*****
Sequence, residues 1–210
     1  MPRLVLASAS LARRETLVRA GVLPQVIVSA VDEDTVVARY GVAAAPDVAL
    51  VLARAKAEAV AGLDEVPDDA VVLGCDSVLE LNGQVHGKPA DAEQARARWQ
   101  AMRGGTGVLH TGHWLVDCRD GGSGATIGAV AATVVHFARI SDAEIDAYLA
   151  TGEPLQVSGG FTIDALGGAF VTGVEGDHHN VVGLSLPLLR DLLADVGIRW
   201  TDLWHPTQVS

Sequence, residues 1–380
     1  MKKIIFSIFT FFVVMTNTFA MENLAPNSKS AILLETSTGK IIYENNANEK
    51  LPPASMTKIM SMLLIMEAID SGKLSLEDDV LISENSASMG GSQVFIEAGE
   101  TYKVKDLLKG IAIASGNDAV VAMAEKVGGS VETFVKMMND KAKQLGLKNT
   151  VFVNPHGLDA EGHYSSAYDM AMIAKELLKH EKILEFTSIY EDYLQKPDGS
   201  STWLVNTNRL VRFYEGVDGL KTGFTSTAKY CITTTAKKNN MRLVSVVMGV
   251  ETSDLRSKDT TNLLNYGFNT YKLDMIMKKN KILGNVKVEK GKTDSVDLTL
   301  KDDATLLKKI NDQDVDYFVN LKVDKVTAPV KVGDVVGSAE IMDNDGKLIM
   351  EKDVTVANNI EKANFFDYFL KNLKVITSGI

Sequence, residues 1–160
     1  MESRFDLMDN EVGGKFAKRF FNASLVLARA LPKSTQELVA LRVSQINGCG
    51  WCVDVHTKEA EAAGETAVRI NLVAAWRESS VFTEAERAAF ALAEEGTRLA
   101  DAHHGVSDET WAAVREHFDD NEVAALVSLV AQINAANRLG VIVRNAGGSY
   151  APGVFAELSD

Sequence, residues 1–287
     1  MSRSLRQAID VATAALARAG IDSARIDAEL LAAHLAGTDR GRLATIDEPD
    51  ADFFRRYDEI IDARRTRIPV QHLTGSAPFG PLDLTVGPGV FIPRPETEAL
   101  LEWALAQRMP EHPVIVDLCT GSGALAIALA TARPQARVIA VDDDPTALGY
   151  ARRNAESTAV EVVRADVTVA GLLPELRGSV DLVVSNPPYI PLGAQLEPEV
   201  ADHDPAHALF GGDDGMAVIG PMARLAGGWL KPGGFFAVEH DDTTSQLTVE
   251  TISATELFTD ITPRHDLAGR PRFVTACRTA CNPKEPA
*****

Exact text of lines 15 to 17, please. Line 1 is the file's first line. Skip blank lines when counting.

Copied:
   351  EKDVTVANNI EKANFFDYFL KNLKVITSGI

Sequence, residues 1–160
     1  MESRFDLMDN EVGGKFAKRF FNASLVLARA LPKSTQELVA LRVSQINGCG